Southern California burning explained by the climate scientist.
The flames raced across brittle hillsides like advancing armies. Up and down Southern California’s canyons and coastlines, they stormed into neighborhoods and engulfed homes where people were using sprinklers and garden hoses as a last, desperate defense against the wind-driven wildfires.
These series of fires has scorched these days thousands of acres and destroyed more than 100 homes along the coastal mountains of southern California where the air is the driest it’s been here in recorded history.
Southern California may get the Santa Ana winds every year, but — according to recorded history — they’ve never been like this.
The UCLA climate scientist Daniel Swain explains the climate change: “The [relative] humidity right now along the coast is much drier than what you’d normally see in the interior desert in the summertime. Once you get down to 1% or 2%, this is almost as low as is physically possible.”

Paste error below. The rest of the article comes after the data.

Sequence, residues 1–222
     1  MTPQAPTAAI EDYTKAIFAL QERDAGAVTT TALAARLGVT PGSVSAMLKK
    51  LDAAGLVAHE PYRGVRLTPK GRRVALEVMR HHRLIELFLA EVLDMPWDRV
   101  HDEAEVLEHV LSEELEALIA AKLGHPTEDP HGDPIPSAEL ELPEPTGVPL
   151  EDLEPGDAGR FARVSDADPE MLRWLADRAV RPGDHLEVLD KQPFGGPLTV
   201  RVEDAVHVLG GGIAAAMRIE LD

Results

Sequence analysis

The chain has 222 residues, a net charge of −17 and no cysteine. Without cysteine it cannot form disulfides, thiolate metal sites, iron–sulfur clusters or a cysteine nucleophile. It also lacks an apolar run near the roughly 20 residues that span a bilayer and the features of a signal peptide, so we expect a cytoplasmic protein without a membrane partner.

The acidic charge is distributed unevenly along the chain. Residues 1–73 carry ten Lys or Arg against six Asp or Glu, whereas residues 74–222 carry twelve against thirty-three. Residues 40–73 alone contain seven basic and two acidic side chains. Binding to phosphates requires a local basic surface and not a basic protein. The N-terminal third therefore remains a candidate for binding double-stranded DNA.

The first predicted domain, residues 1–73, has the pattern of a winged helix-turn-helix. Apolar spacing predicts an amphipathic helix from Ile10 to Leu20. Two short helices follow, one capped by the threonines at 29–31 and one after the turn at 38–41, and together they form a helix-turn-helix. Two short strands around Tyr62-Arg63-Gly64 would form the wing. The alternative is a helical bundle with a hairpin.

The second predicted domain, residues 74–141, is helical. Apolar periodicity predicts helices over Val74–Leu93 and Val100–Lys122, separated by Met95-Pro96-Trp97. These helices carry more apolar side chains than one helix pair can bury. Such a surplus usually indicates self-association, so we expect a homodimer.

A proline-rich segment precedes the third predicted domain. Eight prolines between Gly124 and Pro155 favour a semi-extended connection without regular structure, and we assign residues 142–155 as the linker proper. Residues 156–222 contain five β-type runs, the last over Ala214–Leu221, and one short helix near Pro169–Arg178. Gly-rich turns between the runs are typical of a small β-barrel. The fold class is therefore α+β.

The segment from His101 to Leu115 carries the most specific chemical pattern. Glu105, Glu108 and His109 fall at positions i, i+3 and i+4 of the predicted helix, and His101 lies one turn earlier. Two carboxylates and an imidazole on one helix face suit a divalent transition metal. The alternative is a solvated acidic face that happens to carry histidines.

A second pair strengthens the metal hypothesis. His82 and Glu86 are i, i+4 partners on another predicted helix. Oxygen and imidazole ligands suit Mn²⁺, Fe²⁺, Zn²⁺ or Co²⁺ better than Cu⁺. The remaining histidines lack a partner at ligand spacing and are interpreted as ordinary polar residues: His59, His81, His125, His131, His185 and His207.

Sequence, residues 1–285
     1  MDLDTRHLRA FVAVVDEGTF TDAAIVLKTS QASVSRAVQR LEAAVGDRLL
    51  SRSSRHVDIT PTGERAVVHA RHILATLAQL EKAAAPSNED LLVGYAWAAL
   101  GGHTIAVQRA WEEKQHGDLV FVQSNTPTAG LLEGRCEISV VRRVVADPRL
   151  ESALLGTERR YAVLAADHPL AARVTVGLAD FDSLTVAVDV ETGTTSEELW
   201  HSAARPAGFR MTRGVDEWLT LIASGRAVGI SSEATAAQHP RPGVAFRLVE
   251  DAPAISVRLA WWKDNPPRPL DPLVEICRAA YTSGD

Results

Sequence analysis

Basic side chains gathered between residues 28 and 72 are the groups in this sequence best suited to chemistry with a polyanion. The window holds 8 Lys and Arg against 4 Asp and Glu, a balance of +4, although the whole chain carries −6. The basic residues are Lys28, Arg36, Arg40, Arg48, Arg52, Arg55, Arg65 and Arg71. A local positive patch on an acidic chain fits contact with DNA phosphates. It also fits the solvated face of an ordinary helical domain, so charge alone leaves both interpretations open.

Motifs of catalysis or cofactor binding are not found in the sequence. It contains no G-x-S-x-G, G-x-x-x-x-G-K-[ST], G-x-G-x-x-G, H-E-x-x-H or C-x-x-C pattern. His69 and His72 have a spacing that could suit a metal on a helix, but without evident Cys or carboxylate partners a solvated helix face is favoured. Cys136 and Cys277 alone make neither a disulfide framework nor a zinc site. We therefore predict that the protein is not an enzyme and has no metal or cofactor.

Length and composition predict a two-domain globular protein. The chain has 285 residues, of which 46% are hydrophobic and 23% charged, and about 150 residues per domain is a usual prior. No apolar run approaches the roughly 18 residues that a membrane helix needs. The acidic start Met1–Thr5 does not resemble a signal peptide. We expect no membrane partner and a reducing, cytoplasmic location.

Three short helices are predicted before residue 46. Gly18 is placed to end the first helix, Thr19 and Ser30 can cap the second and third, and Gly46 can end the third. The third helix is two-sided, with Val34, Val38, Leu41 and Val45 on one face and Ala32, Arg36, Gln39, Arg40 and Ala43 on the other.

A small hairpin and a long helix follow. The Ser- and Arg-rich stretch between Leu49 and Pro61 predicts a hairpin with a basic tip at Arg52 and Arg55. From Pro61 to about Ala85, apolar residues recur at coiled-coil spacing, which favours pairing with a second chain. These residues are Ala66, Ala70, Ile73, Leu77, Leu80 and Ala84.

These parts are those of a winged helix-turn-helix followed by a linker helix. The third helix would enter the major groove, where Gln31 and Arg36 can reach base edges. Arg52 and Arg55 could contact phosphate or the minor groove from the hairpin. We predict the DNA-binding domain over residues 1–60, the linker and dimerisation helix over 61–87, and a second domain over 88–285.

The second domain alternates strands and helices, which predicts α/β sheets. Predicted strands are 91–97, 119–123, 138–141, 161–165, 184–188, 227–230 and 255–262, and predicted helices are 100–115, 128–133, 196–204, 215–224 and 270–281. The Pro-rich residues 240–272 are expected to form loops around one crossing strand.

It’s just a pile-on of bad news for firefighters and residents on the edge of the urban-wildland interface who are the first to get hit by wind-driven brush fires.
A layer of bone-dry, dead or dying vegetation has blanketed the Southern California landscape after a historically wet winter sprouted up green shoots that were summarily killed by the hottest summer on record. Then we went through October and November, which also were the hottest on record for Southern California, according to the UCLA climate statistics.
Two months into California’s water year, rainfall is below historical averages for the season.
“Normally if we had a little bit of rain, there’s some moisture in the soil to recover. But there is no rain in sight, about as far as I can possibly say about weather. At least the strong winds will diminish.” Daniel Swain explained.